Cloud Kitchens Are a Sign of the Times
It’s probably not the first time you have heard of cloud kitchens. The 2019 buzzword is making a comeback again in 2020, as the dine-in plot thickens.
What are they? Cloud kitchens or ghost kitchens are centralised facilities where Food & Beverage operators can rent cooking space, thus enabling them to serve their food without investing in a brick-and-mortar presence. The concept is enticing as chefs and restaurants can lower costs by having rentable kitchen stations and have additional services such as the procurement of supplies and logistics be handled on their behalf.
Technically, this sounds ideal, since dining alongside your chums and bumping elbows with your next-table neighbour at the hottest izakaya joint in town was a mere figment just a month ago. Who needs to own a physical restaurant? Pffft. For the last few months, restaurant tables and chairs that have once been warmed by throngs of enthusiastic diners, have become obsolete—stacked against the walls or windows to make a small aisle for customers to come and collect their orders. Covid-19 has thrown the restaurant hierarchy system into a pell-mell. It doesn’t matter if you’ve donned that hard-earned World’s 50 Best Restaurants red scarf around your neck before, or placed Michelin stars at your door. In this current disquieting state that we are in, even the “Gods” are slinging burgers, hiding immaculately plated dishes in biodegradable food containers and delivering them directly to your doorstep.
Then along come these commissary kitchens, an answer fuelled by the gap in the market. The gap exploiters are strangely popular food aggregators like Swiggy, Uber and Deliveroo—each fighting for a piece of that proverbial pie. From my perspective, this makes perfect sense since these delivery platforms already have a strong customer base and enough data to know their food preferences. By locating these shared kitchen spaces in rural areas, the business model allows for easy scaling of operations and expansion into new geographies. Furthermore, you won’t have to settle for cold food coming out of the CBD anymore.
Are cloud kitchens the future of dining then? The controversy on this question has been long-drawn, and at times, morose and gloomy, because it may spell doomsday for many of my favourite restaurants.
Haters have coined cloud kitchens as “the WeWork of restaurant kitchens,” referencing the start-up’s imminent failure because of its fatally flawed business model. It’s not just the tenant, it’s the landlord. Similarly, cloud kitchens bankroll quick-serve brands, some of which have little to nothing nutritional value in favour of their smooth deliveries. The result is a severely skewered economics of food delivery where the prices are highly alluring to consumers who are looking for a quick fix at home. And as they place their orders via Deliveroo or Uber, some of them are oblivious to the fact that a concrete restaurant is not in existence. The immense profit margins enjoyed by the savvy entrepreneurs all boils down to expenses: marketing versus rent, furniture, the new coat of paint in the restaurant or even that crackerjack of a sommelier who uprooted from California to work for you.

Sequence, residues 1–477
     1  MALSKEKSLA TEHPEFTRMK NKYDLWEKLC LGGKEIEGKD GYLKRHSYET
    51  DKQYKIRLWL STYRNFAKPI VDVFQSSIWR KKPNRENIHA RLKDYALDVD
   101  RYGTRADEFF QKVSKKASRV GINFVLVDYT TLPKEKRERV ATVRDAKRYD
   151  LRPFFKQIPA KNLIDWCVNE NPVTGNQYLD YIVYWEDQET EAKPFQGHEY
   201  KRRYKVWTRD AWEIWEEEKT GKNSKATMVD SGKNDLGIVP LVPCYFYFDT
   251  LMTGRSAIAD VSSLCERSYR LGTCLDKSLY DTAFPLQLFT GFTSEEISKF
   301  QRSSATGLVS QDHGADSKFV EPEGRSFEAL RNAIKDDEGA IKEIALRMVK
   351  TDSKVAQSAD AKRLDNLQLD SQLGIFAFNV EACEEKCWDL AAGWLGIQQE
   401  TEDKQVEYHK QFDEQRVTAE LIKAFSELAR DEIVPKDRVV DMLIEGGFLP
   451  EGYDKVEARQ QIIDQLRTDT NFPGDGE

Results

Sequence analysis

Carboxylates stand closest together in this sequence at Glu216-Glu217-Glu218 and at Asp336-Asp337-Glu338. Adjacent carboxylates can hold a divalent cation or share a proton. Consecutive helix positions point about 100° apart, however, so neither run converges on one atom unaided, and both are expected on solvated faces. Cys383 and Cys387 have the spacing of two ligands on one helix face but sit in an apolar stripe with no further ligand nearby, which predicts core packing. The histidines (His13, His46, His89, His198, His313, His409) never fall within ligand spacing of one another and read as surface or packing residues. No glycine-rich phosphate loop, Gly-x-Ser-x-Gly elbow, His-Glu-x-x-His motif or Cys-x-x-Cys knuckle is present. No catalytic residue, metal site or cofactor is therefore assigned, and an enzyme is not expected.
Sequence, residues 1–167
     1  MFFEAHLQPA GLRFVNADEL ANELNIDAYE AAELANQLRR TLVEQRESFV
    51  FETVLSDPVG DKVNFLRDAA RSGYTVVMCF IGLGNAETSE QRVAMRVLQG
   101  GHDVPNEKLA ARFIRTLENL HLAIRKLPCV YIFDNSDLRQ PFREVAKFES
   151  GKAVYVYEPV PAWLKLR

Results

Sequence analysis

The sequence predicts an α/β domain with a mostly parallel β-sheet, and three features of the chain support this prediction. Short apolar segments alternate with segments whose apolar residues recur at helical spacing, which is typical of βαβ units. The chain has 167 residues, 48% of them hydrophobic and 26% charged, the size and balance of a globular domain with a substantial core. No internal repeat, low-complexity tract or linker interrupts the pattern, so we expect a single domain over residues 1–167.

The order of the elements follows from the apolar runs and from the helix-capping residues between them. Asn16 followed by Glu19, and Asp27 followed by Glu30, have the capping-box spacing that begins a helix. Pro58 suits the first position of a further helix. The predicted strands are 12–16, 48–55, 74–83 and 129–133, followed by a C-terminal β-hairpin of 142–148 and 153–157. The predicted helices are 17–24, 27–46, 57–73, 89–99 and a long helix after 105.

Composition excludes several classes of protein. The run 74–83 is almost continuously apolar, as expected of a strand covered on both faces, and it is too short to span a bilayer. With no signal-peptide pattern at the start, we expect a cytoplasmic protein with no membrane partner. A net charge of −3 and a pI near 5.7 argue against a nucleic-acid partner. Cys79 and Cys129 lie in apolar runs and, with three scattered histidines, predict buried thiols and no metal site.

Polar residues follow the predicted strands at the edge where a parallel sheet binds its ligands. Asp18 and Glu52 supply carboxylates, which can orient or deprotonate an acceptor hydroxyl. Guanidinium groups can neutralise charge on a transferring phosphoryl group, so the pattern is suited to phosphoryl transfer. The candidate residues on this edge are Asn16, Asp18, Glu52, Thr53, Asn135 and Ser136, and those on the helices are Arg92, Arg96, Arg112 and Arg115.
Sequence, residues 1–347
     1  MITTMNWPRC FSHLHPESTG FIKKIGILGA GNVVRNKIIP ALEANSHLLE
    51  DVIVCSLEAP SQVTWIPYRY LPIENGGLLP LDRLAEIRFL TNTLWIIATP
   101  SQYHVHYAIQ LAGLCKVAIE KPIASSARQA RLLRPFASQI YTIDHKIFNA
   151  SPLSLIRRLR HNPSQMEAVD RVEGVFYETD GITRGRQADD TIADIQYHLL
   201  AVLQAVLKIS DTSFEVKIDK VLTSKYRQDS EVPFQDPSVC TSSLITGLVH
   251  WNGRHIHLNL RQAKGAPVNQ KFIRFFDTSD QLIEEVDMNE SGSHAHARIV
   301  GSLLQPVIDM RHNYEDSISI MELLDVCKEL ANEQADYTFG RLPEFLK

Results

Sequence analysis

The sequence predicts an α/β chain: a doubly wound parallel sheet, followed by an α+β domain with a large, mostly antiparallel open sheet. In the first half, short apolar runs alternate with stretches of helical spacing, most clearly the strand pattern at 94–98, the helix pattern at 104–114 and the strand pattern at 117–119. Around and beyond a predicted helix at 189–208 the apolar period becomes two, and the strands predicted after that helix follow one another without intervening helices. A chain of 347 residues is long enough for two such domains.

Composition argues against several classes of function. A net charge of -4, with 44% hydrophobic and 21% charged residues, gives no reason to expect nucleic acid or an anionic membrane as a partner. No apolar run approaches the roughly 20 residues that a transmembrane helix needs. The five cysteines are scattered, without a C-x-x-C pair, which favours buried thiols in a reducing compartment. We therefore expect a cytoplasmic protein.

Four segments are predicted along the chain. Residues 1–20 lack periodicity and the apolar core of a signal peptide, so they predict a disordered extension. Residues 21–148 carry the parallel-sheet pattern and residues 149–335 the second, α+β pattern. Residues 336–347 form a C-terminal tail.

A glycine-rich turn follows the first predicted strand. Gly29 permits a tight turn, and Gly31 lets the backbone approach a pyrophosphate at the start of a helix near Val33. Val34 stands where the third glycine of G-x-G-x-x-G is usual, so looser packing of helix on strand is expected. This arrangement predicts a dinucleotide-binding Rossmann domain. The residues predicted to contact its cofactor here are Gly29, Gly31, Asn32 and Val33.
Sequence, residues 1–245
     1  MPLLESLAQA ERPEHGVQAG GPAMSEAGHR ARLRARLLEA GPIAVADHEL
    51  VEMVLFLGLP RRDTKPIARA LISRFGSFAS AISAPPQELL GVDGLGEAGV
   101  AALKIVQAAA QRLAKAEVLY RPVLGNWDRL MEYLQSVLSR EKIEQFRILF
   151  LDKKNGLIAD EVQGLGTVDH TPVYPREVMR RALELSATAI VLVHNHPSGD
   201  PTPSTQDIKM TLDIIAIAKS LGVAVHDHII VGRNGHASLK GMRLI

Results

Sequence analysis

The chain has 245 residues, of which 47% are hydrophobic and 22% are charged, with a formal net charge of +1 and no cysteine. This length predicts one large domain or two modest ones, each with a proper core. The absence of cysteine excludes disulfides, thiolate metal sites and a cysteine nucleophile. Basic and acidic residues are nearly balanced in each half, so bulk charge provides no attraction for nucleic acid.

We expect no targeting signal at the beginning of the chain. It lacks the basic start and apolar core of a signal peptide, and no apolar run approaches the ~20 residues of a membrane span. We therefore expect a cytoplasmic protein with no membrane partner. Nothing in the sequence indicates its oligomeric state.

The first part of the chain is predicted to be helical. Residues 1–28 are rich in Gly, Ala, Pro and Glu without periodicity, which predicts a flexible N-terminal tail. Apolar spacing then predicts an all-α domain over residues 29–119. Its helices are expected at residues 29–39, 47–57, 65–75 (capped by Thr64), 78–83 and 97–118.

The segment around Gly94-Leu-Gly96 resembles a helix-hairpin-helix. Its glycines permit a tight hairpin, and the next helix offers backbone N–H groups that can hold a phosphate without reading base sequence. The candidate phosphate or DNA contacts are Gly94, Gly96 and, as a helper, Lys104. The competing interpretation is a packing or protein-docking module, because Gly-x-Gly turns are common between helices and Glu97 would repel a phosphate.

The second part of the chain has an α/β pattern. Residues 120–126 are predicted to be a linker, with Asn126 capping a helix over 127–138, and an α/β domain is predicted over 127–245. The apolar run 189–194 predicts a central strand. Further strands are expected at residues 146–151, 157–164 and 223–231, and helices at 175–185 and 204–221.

Even in Singapore, GrabFood has pivoted to this shareable market—launching its first cloud kitchen facility in Lam Soon Industrial Building along Hillview Avenue that houses ten merchants including Thai Dynasty and several bubble tea makers. This is one of the many in Indonesia, Thailand, Vietnam and the Philippines that the ride-hailing, food delivery company is looking to finance in the upcoming months.
The real question is, will existing restaurants ditch their brick-and-mortar in favour of such a no-frills set-up? Michelin-starred chef and restaurateur Beppe de Vito of Braci, Art and Amò doesn’t believe in choosing one over the other. And, in fact, has just launched Grammi—a cloud kitchen concept that focuses on comforting Italian-Mediterranean food. Part of this ballsy move can be attributed to the shift in the dining landscape and consumers’ needs. He says, “Although restaurants will reopen in phase two, more and more people will dine al desko or order family meals, so there is an obvious need for affordable food for the masses.”
I applaud his willingness to embrace change, but simultaneously the heart mourns the diminishing prospects of dining out. A hardened restaurateur could enter the game now, build a following of spoilt takeaway customers and justify inflated menu prices as compared to the peanuts one pays for a triple combo bak chor mee for under $10. Cloud kitchens score one for the big guys, but just as we’ve witnessed supermarkets kill bodegas, fishmongers, butcheries in the past, history is repeating itself. This time, small independent restaurants are on the chopping block. So unless there is community cohesion (from hiring local to buying local produce) or other measures implemented, the dangers of monopoly lurk around the corner. This is an issue not to be overlooked.